If you're thinking about a career in tech, take a look at a few of the programs available right now to non-traditional technology learners.

  • Girls in Tech is a free program that offers professional development, connections, and guidance to women through bootcamps, workshops, and other opportunities designed to build tech skills needed for success.
  • Google Career Certificates program helps participants qualify for jobs with a median average salary of over $50,000. Google also partners with dozens of employers who hire entry-level IT positions; certificate recipients get first access to many of these partnership job postings.
  • Tech Qualled offers veterans a path to sales positions in the high tech industry. If you're not really a geek but you want to work side-by-side with them, this program offers industry and product training at no cost along with job offers to most who complete the program.
  • NPower is a free tech training nonprofit for young adults, women of color, and veterans from underserved communities. It offers a six-month program that helps participants earn industry-recognized certifications that equal one to two years of IT experience.
  • LaunchCode offers apprenticeships to people who show drive, the potential to learn new skills quickly, have an ability to work with others, and can demonstrate basic coding skills. No high school degree is needed to apply.

Understanding Available Technology Jobs is Key

What all of these programs have in common is that they help people discover more about technology careers to find paths they'll enjoy.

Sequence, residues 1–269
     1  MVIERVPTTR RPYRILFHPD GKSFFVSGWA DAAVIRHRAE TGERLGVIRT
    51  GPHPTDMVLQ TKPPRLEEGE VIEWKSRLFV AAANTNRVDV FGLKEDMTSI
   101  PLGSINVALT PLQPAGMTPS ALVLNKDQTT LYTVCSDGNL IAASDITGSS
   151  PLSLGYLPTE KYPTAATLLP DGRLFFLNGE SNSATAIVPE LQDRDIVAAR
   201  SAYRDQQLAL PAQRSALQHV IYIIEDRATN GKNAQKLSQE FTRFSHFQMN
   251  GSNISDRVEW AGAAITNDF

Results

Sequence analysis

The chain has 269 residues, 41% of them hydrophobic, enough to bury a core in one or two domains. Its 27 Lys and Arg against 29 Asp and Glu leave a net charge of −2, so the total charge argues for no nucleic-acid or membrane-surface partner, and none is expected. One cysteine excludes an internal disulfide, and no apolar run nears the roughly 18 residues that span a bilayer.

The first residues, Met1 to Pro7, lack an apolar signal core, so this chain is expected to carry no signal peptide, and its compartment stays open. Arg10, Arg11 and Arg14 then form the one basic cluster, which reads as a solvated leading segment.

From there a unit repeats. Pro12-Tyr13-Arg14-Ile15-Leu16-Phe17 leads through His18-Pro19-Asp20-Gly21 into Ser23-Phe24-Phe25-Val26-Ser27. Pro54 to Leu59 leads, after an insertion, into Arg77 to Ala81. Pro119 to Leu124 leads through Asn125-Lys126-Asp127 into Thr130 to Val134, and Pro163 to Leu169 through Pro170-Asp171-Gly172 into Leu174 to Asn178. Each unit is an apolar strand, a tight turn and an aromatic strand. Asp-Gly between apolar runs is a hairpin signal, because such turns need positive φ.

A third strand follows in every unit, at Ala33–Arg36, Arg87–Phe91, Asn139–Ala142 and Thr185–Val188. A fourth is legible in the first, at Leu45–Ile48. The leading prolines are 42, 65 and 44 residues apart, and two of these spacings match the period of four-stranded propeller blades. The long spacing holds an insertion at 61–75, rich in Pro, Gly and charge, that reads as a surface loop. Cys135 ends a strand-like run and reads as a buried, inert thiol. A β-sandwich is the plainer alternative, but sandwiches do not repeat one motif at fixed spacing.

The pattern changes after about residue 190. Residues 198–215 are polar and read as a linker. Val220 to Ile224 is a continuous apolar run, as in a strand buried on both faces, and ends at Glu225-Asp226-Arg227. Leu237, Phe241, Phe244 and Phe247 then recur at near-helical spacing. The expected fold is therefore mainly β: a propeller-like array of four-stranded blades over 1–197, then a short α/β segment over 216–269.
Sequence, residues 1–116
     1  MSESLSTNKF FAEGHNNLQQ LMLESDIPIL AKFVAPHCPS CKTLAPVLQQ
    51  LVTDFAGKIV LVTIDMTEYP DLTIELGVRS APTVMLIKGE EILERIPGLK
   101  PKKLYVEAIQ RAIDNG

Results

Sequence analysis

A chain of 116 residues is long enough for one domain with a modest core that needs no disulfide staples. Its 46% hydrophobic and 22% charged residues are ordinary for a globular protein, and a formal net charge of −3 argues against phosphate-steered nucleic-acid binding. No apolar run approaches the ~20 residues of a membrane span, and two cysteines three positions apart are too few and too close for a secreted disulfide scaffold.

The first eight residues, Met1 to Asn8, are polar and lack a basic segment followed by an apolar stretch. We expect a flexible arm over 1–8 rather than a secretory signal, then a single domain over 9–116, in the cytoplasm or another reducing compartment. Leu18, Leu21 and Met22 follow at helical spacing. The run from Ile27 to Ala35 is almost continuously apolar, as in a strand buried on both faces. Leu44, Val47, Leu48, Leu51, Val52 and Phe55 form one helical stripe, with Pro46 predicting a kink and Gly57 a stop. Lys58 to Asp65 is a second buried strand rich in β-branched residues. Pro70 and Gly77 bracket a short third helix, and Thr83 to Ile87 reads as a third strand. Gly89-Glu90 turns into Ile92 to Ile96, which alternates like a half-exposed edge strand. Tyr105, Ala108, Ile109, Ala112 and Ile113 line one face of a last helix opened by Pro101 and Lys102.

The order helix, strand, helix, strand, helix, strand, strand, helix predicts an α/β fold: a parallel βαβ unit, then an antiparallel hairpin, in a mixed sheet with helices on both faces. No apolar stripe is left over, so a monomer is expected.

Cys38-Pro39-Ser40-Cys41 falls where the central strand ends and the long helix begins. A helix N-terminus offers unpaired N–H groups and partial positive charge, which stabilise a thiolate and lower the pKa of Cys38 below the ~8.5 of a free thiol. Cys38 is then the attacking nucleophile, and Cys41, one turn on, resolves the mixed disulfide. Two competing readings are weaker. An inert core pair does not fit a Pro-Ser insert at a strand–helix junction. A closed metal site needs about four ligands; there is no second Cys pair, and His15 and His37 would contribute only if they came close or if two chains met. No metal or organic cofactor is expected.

Not sure which qualifications are needed for certain types of jobs? Take a look at any job search engine and review a variety of IT job titles and requested experience levels.

“It’s never too late - or too early - to pursue a career in tech, especially as the U.S. looks to add about half a million new jobs in computer and information technology by 2029," says Dr. Shaun McAlmont, President of Career Learning at Stride, Inc.

"It’s no secret that our world is becoming increasingly more tech-centered. So, whether you’re a high schooler exploring different options for your future or a working professional hoping to switch career fields, there’s really no better time to join the tech industry or find out more about what it offers.”

Once you see the types of jobs available, think about what really made your heart and head say 'oh, interesting!'

Technology Certifications Are Everywhere

You can take an introductory course at any community college to see where your personal interests might lie. Coding is fairly over-hyped as a career, for example, but knowing the basics does help provide an understanding of how computers work, which creates a good base for any IT career.

Beyond a few classes, specialized programs or apprenticeships, there are numerous IT certifications anyone can take that don't require a college degree. This Video Game Developer Certificate from a community college can help jump-start a career and so can lots of other IT certificates that take less than a year to complete.

A four-year college degree just isn't for everyone and, these days, it's not even required to get a good-paying job in technology. Even the most advanced self-taught learner should obtain certifications, though; showing others that you can complete a program and accomplish goals is always a smart step.

A great tech career is out there waiting for someone. Why not you?